As I watched the Olympic Games I was reminded of the importance of accurate timing. So how precise is Microsoft Excel time resolution and what tricks and limits are to be found?
In our blog “Automatic Data Type Conversion Problems in Excel/ Dates – The Big Issue” we explain how Excel stores dates. Dates are a count of the number of days from 1 Jan 1900 (or 1904) and times are the decimal fraction. In this article I would like to look at times and the resolution we are able to achieve in our calculations and display formats.
There are several features which are relevant to Excel time resolution:
|Number precision||15 digits|
|Smallest allowed positive number||2.2251E-308|
|Earliest date allowed for calculation||January 1, 1900 (January 1, 1904, if 1904 date system is used)|
|Latest date allowed for calculation||December 31, 9999|
|Largest amount of time that can be entered||9999:59:59|
In this article I will refer to resolution and not concern myself with the subtleties of precision and accuracy!
Let’s just take a look at the results of using Excel’s volatile function NOW() which returns the system date and time and if Excel is given the opportunity it will automatically format the cell with a date / time format to match your regional settings.
So the detail to notice here is that if our time includes a date then that will determine the maximum resolution that we can achieve in Excel.
If we were to work with the smallest number that Excel allows and then treat it as a time what is the resolution in seconds?
Note that is 5.2E+302. (See E Notation or scientific notation elsewhere for an explanation). A glance in common references suggests that this is much smaller than any standard term used for small intervals of time. EG Yoctosecond which is defined as 10-24 Secs. (References vary here!) This is where the discussion could venture into the world of accuracy and of atomic physics but I am not going there.
If we consider dates between 18/05/1927 and 14/10/2173 which are the date equivalents of 10,000.00000000010and 99,999.99999999990 we still have aresolution of 10 decimal places.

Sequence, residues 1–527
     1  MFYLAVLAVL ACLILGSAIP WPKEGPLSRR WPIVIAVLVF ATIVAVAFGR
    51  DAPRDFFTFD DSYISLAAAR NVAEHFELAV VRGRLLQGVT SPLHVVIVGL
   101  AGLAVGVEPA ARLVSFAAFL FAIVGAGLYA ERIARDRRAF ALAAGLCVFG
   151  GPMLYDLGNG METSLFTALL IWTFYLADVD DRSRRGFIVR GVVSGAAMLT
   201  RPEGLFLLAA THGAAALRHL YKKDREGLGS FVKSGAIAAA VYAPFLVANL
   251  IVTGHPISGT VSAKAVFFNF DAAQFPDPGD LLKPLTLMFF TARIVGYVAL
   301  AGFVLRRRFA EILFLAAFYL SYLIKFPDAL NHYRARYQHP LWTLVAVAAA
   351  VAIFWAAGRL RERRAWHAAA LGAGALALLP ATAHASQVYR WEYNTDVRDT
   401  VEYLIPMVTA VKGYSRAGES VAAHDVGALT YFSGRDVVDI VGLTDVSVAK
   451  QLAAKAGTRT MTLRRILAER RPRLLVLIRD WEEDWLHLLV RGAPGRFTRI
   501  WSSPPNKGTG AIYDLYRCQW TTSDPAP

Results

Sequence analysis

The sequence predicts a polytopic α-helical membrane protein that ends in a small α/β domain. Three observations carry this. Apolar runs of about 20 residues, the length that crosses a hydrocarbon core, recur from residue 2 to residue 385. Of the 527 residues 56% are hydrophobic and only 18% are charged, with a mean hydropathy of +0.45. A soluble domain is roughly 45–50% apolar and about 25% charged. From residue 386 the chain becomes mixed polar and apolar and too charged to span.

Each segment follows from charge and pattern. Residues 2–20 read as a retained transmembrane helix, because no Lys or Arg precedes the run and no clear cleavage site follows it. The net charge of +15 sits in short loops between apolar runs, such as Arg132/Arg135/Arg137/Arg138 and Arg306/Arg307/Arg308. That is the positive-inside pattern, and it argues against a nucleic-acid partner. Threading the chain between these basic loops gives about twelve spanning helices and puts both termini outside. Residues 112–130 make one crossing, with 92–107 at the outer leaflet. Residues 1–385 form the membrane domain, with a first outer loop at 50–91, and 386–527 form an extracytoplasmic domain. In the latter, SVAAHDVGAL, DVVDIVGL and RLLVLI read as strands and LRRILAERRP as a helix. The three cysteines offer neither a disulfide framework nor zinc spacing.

So the resolution here is better than a Millisecond (10-3 Secs) but not quite a Microsecond (10-6 Secs)
Remember that Excel will offer date and time formats as defined in Control Panel > Regional Settings. However using ‘Custom Number Formats’ you are able to achieve virtually any date time format. The codes (d dd ddd m mm mmm mmmm mmmmm yy yyyy hh:mm:ss.000 ) combined with spaces and other punctuation are permitted. If necessary, place unusual punctuation in quotes.
Note how square brackets placed around [hh], [mm] or [ss] stops Excel incrementing the days, hours or minutes respectively and allows the value to be held as a total of the hours, minutes or seconds.
Excel is a little fussy as to what date / time values it will accept as input. When entering minutes and seconds only it is necessary to enter zero hours.
E.g. 00:30:20 will give the expected hh:mm:ss format but input 30:20 and Excel will assume [h]:mm:ss format and displays 30:20:00. Whereas 23:50 (Note less than 24 hrs) adopts the hh:mm format.
Excel will not display negative values in a date / time format unless you use the 1904 date system. This is not recommended as throughout the workbook ALL dates will be shifted by 4 years and it will get confusing if you link workbooks using different base dates. The offset is 1,462 days.
Interesting note: The reason that there is a 1904 date system is that Excel followed the convention adopted in Lotus 1-2-3 which failed to recognise that 1900 was not a leap year. Microsoft’s statement is: “The 1900 date system enables better compatibility between Excel and other spreadsheet programs, such as Lotus 1-2-3, that are designed to run under MS-DOS or Microsoft Windows.” When Excel for a Macintosh was released it adopted the 1904 date system.
Excel for Mac 2011 now is aligned with Excel for a PC and uses the 1900 base date.
Excel 2013 now offers the ability to save in “Strict Open XML Spreadsheet (*.xlsx)” format which starts on 30 Dec 1899, doesn’t display the 0 Jan 1900 or 29 Feb 1900.
Excel time resolution and accuracy, with regard to how dates and times are handled, has on the surface some frustrating characteristics. Behind the scenes Excel will store those Olympic lap times with resolutions that meet the requirements for the Olympic Games namely “..accurate to at least 1/100th of a second—but preferably to 1/1000th of a second or more.”
However, date math just requires a little patience.